On the Ground with: Kisumu Medical Education Trust (K-MET)

Improving health and nutrition in rural Kenya

In Kenya—a country of nearly 35 million people—malnutrition and hunger are staggering problems, particularly for children, orphans and people living with HIV/AIDS. In the rural, western regions of Kenya, sustaining basic nutrition is a chronic struggle in the face of food insecurity. Too weak to walk long distances or stand in lines waiting for food aid, those who live in rural areas and subsist on less than a dollar a day do not have access to the basics needed to live healthy, dignified lives.

Care-giving and capacity building for a healthier future

Kisumu Medical Education Trust (K-MET) was founded in 1995 to address health, education and development issues in the rural areas of western Kenya. Through care-giving and capacity building, K-MET has developed programs to improve reproductive health, nutrition and the overall quality of life for vulnerable populations and people living with HIV/AIDS (PLWHA). In 2001, K-MET began to manufacture and distribute nutrient-rich flour called Nutri-meal and supply raw ingredients such as peanuts, millet and sorghum to PLWHA, orphans and vulnerable children in K-MET's home-based care program. The results yielded dramatic improvements in health and nutrition. K-MET also developed subsistence gardening projects and formed breastfeeding clubs to expand its food security efforts and to sensitize the Kenyan population to the critical importance of nutrition. Since adequate nutrition enhances the effectiveness of drug regimens, HIV/AIDS patients and other clients on strong drug regimens have greatly benefited from K-MET's commitment to making supplements available at a low cost.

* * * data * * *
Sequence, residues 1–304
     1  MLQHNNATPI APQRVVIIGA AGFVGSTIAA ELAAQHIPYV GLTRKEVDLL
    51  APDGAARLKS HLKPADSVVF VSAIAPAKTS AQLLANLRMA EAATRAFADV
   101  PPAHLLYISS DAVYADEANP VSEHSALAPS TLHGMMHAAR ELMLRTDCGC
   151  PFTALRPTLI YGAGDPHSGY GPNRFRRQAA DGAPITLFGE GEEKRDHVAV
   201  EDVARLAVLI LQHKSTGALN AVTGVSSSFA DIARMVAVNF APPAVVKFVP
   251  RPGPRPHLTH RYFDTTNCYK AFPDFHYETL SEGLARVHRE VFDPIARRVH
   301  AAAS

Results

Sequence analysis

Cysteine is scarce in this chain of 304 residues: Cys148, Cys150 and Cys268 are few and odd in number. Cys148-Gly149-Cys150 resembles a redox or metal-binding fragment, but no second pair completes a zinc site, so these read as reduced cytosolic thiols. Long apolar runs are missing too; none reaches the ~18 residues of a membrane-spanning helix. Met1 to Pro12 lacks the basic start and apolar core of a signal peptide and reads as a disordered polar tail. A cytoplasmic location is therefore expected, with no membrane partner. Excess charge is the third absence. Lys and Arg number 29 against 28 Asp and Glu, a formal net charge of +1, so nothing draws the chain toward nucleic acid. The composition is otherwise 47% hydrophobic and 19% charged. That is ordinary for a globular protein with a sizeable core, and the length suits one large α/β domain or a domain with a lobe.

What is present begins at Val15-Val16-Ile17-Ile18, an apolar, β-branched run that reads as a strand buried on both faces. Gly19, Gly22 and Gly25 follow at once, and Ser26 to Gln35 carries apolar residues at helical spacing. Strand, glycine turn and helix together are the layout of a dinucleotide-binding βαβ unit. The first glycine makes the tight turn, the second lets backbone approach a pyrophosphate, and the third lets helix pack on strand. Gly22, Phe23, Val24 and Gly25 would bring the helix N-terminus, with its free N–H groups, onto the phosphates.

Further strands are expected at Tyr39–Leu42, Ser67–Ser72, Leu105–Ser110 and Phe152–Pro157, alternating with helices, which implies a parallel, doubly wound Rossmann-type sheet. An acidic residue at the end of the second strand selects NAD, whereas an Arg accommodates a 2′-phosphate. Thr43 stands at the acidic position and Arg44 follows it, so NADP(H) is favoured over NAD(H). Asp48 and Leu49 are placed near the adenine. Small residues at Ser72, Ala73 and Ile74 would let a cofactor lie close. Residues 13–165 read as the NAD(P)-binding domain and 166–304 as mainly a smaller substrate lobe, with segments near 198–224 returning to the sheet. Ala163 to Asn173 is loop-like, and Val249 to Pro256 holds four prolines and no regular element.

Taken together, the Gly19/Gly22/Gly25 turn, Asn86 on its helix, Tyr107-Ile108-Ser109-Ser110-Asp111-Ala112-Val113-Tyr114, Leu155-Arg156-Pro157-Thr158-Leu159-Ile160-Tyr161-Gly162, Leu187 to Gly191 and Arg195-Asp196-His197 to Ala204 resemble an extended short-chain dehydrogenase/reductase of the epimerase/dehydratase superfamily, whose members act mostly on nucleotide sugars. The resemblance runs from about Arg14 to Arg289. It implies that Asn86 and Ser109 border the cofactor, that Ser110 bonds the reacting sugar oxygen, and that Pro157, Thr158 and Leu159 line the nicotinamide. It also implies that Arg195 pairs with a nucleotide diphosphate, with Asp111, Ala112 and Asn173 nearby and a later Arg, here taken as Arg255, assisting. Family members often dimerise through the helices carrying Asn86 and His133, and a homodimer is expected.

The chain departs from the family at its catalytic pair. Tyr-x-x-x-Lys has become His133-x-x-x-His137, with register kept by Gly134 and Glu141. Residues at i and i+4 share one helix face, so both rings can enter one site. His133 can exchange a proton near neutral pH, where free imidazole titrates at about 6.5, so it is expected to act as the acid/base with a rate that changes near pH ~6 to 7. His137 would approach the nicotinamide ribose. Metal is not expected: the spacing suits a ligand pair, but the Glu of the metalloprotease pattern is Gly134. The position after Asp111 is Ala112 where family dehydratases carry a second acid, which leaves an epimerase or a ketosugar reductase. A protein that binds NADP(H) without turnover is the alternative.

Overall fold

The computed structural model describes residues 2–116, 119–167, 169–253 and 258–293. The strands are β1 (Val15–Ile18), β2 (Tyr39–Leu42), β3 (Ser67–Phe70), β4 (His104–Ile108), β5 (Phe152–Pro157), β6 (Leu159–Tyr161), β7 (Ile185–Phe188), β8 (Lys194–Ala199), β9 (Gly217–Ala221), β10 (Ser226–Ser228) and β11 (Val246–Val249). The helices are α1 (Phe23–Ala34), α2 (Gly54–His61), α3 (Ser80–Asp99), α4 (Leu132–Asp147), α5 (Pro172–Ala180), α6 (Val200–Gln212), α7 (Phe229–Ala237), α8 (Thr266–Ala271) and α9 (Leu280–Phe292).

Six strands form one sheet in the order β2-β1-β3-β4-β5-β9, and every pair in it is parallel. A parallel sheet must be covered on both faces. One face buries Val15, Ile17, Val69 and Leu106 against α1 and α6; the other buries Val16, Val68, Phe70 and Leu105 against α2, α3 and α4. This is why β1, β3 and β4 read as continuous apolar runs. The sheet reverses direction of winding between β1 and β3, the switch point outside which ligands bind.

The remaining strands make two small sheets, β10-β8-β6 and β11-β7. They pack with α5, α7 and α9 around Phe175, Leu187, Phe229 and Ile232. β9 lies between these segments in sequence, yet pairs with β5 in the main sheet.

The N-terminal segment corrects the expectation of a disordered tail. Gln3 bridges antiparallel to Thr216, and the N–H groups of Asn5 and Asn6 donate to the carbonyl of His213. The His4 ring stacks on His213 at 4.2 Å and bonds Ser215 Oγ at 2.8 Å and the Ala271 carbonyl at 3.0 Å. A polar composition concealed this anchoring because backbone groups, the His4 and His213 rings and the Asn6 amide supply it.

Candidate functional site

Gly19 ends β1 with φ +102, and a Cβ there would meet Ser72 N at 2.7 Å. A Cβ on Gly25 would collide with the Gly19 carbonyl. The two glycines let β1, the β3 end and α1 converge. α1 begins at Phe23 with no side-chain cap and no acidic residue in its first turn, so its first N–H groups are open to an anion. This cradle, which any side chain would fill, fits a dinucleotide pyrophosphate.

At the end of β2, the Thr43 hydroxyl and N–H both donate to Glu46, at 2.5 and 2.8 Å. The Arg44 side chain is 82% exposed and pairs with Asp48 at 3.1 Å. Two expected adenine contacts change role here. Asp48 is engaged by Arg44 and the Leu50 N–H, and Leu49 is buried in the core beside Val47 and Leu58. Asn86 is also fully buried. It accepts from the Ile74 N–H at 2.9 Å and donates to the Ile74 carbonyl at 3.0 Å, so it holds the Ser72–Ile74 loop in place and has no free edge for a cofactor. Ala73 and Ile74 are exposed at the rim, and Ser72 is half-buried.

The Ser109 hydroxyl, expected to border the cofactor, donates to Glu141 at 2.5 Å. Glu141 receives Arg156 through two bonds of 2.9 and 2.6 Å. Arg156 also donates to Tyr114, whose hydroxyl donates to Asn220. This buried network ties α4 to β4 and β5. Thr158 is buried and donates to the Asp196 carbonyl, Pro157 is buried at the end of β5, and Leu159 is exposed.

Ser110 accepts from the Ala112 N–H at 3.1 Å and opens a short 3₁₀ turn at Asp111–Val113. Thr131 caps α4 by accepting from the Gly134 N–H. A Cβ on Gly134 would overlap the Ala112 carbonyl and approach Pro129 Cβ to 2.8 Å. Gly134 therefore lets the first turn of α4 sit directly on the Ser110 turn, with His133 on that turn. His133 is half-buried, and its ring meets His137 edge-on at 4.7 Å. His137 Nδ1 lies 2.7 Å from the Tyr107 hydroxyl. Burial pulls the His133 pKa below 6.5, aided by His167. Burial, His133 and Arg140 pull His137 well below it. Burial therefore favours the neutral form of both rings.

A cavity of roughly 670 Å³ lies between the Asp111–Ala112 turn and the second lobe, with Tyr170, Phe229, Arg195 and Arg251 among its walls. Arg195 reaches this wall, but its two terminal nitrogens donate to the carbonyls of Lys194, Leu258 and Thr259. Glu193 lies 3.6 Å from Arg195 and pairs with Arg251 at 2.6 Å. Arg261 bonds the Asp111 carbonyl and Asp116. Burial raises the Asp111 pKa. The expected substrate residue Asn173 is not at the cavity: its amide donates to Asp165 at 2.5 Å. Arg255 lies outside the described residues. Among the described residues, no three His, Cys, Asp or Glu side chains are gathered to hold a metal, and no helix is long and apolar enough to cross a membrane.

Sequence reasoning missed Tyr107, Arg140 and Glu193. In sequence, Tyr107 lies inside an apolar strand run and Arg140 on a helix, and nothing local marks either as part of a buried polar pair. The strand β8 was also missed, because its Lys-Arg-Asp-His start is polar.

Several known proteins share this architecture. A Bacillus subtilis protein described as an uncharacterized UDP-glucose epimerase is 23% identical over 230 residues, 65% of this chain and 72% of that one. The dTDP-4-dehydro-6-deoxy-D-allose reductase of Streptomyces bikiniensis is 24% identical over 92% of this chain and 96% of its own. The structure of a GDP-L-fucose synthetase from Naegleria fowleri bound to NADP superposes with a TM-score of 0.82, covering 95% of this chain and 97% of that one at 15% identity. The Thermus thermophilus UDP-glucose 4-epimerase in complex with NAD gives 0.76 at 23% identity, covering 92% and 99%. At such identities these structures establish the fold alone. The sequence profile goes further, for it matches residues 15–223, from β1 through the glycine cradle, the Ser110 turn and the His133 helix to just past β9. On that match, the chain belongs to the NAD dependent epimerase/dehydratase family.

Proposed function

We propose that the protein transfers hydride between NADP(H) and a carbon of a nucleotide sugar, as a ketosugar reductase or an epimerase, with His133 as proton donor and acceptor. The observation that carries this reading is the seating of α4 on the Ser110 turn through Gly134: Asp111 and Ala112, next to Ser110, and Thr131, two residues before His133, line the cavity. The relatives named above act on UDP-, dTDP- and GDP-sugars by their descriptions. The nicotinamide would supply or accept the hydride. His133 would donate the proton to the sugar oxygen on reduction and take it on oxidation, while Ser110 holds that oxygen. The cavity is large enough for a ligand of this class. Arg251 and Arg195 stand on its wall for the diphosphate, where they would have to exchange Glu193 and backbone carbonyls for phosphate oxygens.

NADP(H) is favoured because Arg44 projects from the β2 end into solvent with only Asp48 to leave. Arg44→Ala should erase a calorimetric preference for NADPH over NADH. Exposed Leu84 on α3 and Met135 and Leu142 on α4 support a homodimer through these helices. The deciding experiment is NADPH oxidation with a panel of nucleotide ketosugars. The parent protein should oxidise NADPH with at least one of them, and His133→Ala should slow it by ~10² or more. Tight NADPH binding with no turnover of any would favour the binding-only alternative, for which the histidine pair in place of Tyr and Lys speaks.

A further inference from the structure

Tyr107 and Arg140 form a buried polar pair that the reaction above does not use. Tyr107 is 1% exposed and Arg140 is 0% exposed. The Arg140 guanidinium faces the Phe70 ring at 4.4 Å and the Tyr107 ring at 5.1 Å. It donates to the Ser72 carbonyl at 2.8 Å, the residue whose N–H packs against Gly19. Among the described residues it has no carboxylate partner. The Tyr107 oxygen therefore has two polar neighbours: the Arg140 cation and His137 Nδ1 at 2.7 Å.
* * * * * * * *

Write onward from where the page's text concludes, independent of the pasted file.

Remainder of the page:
Gardening for a nourished world

AJWS provides support for K-MET's home-based care program, an initiative that addresses the critical nutritional needs of clients and their families who often suffer from food insecurity and malnutrition. The program trains community health workers in basic nutrition and teaches them how to prepare nutritious local foods. AJWS also supports K-MET's subsistence gardening program and other income-generating projects to ensure that rural communities and PLWHA have sustained access to nutritious foods and supplements.

Hunger prevention fast facts

  • Throughout the rural western regions of Kenya, K-MET has developed 10 kitchen gardens, five poultry projects, and five fish and pig farms, enabling sustainable food security and income generation.
  • Over 1,100 K-MET clients are fed daily with nutrition supplements.
  • 208 severely malnourished children have fully recovered as a result of K-MET's outpatient therapeutic program for nutrition rehabilitation.
  • The rate of acute malnutrition among K-MET's clients has been reduced by 79 percent.

Voices of change

Before KMET, my drug regimens did not work so well because I was not given healthy foods. I felt tired and sick all the time. With the help of K-MET’s home-based care, now I have more energy. I live each day feeling healthier and more alive.
—K-MET home-based care client living with HIV/AIDS

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